Wishing you and your family a fabulous Holiday Season!
Monthly Archives: December 2009
I thought I would update our Markets rise from the bottom figures. The numbers are mind boggling. If you did not sell at the bottom and follow the course like we encouraged you to, you should congratulate yourself. If you sold, you should cry. If you made an investment last fall, February or March this year, you are a big winner!
Market data as of Dec 14, 2009
TSX Canada from 7566 to 11545 +52.59%
low point was March 9/09
Dow Jones USA from 6547 to 10501 +60.39%
low point wasMarch 9/09
S&P 500 USA from 676 to 1114 +64.79%
low point was March 9/09
Hang Seng Hong Kong from 11015 to 22085 +100.50%
low point wasOct. 27/08
FTSE from 3512 to 5315 +51.34%
London low point was March 3/09
DAX Germany from 3666 to 5802 +58.27%
low point was March 6/09
data source advisor.ca
From a November 28th, 2009 Financial Post article titled “Now is No Time to Learn Pitfalls of Bond Market”.
-Lisa Myers, lead manager of Templeton’s flagship Templeton Growth Fund warns that now is not the time to increase your bond weighting.
-Interest rates are at all-time lows and have nowhere to go but up
-There is an inverse relationship between interest rates and bonds
-The past 30 years have been favorable for bonds as interest rates have mostly fallen, therefore bond prices rose.
-Balanced fund managers are reducing their weighting in longer-term bonds to mitigate this interest rate risk.
-As explained in the article, bonds have negative relationship with interest rates. Given where we are with interest rates, it is understandable to have a weary outlook for bonds moving forward.
-There have been a lot of articles written about inflationary concerns and what will happen once interest rates start rising again. This is partly why gold has risen to record levels, due to its strong correlation with inflation.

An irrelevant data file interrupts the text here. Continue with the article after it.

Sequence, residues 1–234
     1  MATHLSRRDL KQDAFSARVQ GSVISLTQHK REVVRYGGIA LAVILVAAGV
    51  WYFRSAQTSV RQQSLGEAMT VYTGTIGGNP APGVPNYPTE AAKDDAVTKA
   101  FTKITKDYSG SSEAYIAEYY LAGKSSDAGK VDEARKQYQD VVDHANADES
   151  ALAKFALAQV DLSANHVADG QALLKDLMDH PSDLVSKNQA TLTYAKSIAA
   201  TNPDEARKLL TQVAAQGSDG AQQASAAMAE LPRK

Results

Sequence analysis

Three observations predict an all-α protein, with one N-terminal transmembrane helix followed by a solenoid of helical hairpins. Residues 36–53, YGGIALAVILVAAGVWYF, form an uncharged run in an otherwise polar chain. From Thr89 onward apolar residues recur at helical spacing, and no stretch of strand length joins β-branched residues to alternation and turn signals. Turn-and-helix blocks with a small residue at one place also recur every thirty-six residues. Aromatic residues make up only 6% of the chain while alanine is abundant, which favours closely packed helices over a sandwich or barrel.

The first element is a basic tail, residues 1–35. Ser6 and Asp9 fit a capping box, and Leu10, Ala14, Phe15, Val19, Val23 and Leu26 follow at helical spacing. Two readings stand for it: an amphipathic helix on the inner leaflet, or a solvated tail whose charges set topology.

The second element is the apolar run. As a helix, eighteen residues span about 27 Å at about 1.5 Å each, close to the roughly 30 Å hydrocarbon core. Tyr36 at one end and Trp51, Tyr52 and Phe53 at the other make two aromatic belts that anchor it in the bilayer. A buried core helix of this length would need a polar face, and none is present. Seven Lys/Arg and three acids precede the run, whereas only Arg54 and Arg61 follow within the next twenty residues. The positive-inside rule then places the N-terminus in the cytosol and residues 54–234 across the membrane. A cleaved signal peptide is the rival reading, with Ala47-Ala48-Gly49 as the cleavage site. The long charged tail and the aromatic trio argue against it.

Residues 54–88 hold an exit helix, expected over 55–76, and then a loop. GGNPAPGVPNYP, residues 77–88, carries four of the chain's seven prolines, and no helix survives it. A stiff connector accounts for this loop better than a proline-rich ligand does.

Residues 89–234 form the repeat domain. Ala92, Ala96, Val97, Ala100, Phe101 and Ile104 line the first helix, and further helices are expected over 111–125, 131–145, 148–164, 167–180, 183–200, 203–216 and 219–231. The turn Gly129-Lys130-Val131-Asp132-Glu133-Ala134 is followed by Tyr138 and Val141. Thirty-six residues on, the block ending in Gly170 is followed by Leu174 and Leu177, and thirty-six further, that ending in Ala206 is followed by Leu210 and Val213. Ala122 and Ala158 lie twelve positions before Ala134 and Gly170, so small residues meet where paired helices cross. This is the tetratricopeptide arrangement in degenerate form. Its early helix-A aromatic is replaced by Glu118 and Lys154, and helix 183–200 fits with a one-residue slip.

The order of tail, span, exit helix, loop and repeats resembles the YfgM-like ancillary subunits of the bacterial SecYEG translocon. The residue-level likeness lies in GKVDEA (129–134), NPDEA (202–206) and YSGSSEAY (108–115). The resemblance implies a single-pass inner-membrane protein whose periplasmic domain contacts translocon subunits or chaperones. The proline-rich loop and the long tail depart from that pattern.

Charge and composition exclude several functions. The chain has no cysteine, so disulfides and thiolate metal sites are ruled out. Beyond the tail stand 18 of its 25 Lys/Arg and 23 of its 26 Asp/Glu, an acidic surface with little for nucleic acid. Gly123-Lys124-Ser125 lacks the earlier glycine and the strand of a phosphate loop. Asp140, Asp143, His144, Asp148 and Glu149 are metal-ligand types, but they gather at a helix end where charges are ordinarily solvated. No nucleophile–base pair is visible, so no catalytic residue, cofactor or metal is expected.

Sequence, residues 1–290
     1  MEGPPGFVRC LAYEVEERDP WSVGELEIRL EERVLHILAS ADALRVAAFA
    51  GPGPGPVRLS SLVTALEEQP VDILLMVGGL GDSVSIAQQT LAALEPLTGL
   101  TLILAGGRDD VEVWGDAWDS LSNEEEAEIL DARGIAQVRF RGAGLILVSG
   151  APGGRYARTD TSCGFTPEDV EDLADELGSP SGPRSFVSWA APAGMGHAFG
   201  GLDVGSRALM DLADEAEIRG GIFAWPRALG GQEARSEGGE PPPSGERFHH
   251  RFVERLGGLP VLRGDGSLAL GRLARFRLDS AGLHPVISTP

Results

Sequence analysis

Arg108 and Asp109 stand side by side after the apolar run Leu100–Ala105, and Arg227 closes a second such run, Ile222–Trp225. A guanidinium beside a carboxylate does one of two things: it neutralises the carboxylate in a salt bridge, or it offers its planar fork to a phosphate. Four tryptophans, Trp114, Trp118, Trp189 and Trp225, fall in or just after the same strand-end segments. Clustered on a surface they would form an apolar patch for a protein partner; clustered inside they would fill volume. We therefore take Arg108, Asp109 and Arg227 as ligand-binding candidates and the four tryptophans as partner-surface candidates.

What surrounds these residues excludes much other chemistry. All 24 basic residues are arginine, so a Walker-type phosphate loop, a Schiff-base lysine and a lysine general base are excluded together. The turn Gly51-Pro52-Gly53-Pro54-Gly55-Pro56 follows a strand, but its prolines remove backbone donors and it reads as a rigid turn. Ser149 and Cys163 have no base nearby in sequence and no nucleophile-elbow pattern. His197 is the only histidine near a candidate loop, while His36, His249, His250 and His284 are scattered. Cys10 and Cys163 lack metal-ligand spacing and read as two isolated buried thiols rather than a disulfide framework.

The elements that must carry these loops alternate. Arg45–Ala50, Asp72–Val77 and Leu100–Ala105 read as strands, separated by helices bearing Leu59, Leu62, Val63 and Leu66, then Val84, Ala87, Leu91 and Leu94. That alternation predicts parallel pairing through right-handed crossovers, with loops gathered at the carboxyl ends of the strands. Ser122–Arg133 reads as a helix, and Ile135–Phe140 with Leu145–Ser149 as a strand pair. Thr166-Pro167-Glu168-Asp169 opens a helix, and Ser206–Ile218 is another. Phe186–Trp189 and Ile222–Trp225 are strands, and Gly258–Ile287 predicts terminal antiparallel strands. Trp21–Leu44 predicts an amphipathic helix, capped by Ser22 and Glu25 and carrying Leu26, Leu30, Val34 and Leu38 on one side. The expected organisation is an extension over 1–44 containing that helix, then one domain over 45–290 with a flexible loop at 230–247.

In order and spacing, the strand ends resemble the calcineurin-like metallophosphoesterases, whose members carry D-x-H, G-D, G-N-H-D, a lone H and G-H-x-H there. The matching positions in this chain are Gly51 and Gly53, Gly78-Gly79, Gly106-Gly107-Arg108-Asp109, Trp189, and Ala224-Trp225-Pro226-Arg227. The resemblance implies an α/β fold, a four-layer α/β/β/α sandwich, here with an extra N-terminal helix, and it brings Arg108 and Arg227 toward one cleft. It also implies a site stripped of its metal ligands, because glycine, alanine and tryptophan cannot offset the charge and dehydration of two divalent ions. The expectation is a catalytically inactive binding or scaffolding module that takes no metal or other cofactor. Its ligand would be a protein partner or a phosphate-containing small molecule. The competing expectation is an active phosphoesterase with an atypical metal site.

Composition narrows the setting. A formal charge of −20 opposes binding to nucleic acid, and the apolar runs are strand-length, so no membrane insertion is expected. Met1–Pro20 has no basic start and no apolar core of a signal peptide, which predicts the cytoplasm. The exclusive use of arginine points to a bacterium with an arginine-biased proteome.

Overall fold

-Certain fund managers are starting to recommend real-return bonds (where the rate of return is adjusted for inflation) as a good fixed-income solution to a possible rising interest rate / inflationary growth environment.
-Fund managers are still pointing to the favorable yield spread between corporate bonds over government bonds. Corporate bonds tend to be less sensitive to interest rate changes than government bonds.
-For those looking for higher yielding income solutions, in the past year, CI Investments, Mackenzie, and Dynamic Funds have all introduced some type of “Strategic or Diversified Income Fund”. The objective of these funds is to seek income from the most attractive opportunities in corporate bonds, income trusts, infrastructure, and high-yield equities. As market conditions change, managers have the flexibility to move in and out of these assets as they see fit.
The link below provides 5-minute outlook on bonds given by John Braive, Vice-Chairman CIBC Global Asset Management in November 2009. He goes over a lot of the issues discussed above.
While this article refers to the Ontario HST proposal, the arguments would similar the same for BC. I thought it would be interesting to bring it to you for your interest in the matter.
The Investment Fund Institute of Canada reported that the return of billions of parked investment dollars continued last month as long-term mutual fund mandates experienced another strong month of net sales. The total mutual fund assets grew by $4.3 billion during the month of September to a total of $582.7 billion.
Investor money is coming back to long-term fund assets. Investors are buying overwhelmingly balanced funds or fund-of-fund mandates. So, they are playing safe but they do take the action to move from low yielding cash to investments.
This recovery is a strong one. Don’t miss the boat if you have not taken action yet. Make your investment now!